Lean Brand Paradigm
The new economy has put a fresh lens on how we fundamentally view our business models. There is no longer lots of margin for error – we now live in an environment of tremendous pressure. Pressure on operation margins, pressure on innovation, pressure on sales growth, and pressure on all expense items – pressure on every aspect of our business. What can we do? Where should we turn?
It is time to reexamine our basic assumptions and see if we can make radical transformations in how we convert concepts to cash. Let’s see how this can work.
First, create timeline line of how you convert an idea to revenue. Where are the touch points, where are the steps where value is added? What part of the process can be sourced externally – for lower cost or greater innovation? Many companies do it all – so no parts of the concept to cash is done externally. In the former years, all meant everything in a vertically integrated organization. However, many organizations now outsource some of this process, typically in the generation of the product itself such as – manufacturing or coding.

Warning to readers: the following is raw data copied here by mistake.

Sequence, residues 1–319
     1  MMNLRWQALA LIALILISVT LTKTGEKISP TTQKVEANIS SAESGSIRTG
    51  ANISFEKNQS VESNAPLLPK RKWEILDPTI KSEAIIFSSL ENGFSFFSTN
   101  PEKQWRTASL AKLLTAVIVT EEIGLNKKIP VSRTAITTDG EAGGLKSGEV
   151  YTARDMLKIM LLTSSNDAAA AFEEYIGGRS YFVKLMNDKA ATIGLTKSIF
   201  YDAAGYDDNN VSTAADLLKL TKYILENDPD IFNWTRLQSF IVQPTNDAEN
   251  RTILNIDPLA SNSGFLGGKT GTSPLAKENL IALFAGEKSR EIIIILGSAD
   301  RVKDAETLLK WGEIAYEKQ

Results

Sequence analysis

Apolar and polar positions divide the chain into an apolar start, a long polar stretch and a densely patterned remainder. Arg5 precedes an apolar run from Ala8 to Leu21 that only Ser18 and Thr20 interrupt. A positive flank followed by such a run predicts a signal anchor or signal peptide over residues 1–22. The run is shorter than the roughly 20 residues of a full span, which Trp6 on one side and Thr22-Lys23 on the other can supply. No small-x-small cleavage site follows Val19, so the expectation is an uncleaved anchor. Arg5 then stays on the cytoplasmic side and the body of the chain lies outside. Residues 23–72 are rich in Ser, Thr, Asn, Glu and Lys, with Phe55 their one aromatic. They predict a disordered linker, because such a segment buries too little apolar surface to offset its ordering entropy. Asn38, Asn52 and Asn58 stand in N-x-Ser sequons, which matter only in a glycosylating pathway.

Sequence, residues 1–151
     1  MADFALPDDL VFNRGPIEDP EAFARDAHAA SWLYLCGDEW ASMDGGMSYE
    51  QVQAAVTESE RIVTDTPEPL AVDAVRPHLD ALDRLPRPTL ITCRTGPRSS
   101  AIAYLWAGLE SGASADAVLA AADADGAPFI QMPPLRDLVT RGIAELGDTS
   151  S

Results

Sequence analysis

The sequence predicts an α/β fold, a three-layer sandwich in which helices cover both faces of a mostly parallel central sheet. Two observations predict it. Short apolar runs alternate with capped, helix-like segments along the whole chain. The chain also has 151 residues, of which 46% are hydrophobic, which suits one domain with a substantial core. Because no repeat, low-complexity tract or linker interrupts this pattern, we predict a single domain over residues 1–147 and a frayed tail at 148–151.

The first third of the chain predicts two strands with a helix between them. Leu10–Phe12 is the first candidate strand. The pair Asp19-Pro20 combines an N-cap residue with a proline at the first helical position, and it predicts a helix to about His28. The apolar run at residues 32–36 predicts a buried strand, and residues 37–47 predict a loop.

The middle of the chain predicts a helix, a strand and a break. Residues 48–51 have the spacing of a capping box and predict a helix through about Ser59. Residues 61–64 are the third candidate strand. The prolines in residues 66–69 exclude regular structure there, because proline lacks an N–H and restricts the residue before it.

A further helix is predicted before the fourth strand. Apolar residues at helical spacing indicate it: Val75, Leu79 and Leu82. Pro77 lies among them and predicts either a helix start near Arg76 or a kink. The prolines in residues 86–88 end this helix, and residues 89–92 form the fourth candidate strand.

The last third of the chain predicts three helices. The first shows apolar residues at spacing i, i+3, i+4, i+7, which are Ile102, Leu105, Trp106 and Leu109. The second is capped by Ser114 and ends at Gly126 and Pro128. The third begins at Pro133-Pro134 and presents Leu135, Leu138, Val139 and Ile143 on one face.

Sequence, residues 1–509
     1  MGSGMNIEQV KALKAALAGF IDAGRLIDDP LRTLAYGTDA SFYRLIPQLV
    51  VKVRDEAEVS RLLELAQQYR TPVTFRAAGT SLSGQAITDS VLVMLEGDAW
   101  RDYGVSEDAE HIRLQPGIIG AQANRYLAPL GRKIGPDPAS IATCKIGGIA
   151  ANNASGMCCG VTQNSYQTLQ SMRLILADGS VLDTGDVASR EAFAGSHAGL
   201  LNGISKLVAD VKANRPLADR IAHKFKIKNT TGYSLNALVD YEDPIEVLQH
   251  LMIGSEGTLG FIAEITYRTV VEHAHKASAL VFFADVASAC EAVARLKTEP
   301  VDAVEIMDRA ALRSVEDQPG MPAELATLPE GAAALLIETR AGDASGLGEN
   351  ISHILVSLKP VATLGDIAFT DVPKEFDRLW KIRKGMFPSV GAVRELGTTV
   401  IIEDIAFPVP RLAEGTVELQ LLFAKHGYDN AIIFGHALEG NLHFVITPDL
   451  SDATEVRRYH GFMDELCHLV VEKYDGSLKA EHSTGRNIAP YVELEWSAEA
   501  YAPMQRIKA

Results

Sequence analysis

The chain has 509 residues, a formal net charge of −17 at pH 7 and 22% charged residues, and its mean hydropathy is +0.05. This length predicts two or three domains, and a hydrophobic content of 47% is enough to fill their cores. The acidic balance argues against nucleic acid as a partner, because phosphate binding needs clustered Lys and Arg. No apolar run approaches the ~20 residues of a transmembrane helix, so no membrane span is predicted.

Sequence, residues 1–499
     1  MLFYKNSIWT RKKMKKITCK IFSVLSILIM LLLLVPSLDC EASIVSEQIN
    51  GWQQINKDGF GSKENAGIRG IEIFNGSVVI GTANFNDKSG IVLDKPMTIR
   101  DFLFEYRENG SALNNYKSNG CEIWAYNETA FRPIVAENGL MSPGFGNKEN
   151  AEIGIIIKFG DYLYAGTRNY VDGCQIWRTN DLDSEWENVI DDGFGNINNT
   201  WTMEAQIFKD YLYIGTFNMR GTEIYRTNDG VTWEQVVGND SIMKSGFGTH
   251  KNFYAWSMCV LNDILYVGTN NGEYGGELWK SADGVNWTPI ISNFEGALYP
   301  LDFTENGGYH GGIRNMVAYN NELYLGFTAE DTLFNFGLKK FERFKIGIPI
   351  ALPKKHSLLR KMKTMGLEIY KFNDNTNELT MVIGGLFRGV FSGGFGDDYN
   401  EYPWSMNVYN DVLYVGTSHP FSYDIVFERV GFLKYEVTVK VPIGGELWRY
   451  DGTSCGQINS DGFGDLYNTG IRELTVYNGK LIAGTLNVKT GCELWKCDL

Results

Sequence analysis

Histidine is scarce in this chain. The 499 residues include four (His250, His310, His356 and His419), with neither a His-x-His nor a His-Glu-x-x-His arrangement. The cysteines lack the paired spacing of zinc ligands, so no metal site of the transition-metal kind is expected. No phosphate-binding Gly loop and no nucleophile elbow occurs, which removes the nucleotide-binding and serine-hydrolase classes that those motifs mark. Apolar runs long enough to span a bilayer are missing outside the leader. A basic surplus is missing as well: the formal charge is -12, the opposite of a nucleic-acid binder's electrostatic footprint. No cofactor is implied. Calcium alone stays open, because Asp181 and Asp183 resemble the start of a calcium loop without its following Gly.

But is this sufficient?
It may be for some organizations with the luxury of highly differentiated products and gross margins in the 50% range. However, for most organizations there is a huge opportunity to improve their lot by increasing the range of outsourcing elements – and having this chain of outsourcing elements linked together. For example, product definition and industrial design are kept internal. However, product engineering, manufacturing engineering, production, distribution and warehousing are all outsourced by one or more firms. Then, at the end of the process of concept to cash, the sales and customer service are kept internal. This is shown in the diagram below in the “New Brand Paradigm” graphic element.
Customer input, at the left hand side of the diagram is critical. Sales at the right hand side is also critical. So how much between those handoff points must be done internally? The new lean brand paradigm outsources, using integrated partners, as much as possible. The result of doing this can be to take as much as 10% reduction in overhead, 5% improvement in cost of goods sold, and by using some related strategies to leverage distribution to other geographies, 5% increase in sales. The net is an improvement in operating profit (OP) by as 15% as a percentage of sales without accounting for the lift in revenues. This is huge as it turns a business with an OP in the 5% range to something north of 20%.
The company focuses on customers and the DNA of their brand – and leaves the rest to others who can do a better job for less.